LYNN NEARY, Host:
Sophia Koropeckyj was part of a team at Moody's that looked into the question.
SOPHIA KOROPECKYJ: If Congress does extend the benefits, then it will have a large increase on consumer spending.
NEARY: The Moody team tested the economic impact of a number of government programs, including making the Bush tax cuts permanent. They found that unemployment benefits have the biggest bang for the buck. For every dollar spent on unemployment, the economy gets back $1.61. The return on tax cuts is much smaller.
KOROPECKYJ: We only get a 32-cent impact for the loss to the treasury of the tax revenues.
NEARY: That's because people who benefit from tax cuts tend to be wealthier. So they might save the extra money. On the other hand, Koropeckyj says, those getting extended unemployment benefits have no choice but to spend.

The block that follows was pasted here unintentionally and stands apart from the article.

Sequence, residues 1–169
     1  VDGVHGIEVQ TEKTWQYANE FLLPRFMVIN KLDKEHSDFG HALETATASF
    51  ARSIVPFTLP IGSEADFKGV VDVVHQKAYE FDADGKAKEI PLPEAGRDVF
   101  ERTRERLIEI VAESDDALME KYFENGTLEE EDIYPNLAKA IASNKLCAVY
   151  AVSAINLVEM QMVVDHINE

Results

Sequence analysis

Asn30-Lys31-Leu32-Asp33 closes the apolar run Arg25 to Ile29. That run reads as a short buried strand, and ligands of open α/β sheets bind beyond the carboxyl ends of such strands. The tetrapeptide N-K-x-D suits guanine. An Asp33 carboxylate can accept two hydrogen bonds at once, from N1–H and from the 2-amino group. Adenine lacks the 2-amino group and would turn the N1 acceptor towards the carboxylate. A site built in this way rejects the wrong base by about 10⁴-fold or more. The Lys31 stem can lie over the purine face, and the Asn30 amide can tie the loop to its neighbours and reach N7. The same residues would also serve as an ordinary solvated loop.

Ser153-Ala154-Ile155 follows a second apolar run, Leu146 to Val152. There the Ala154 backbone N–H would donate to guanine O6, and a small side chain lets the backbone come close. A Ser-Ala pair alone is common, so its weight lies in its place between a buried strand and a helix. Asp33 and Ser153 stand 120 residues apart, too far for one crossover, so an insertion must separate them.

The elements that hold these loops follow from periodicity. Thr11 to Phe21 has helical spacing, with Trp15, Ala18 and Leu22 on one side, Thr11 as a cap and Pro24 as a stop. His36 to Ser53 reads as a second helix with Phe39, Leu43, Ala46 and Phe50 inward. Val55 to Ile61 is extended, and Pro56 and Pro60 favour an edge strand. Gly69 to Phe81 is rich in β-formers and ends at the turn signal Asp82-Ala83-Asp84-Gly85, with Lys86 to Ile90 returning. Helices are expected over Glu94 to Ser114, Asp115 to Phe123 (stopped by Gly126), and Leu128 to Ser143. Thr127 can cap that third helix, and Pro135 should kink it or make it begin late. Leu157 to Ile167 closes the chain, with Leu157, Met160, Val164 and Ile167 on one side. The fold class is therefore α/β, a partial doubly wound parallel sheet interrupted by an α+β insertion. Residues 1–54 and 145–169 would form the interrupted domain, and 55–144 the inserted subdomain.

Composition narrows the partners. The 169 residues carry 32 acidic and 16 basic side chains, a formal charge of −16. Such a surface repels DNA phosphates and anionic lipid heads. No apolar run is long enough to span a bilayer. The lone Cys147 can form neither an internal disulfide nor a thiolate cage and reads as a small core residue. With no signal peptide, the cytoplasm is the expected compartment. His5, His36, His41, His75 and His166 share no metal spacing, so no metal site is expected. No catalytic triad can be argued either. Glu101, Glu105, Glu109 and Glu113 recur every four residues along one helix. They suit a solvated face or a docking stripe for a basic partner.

KOROPECKYJ: They've likely depleted their savings, and this is really all the income that they have. And they have kids to feed, they have rent to pay, and there's a very, very high probability they're going to spend that entire amount that they get.
NEARY: And where do they spend it? In stores.
KOROPECKYJ: That initial infusion into the economy of the unemployment insurance benefits then reverberates through the economy, flows through the economy in a variety of ways, and so that, you know, $1 of benefits is magnified.
NEARY: That, says Koropeckyj, is how unemployment insurance boosts, rather than drains, the economy.
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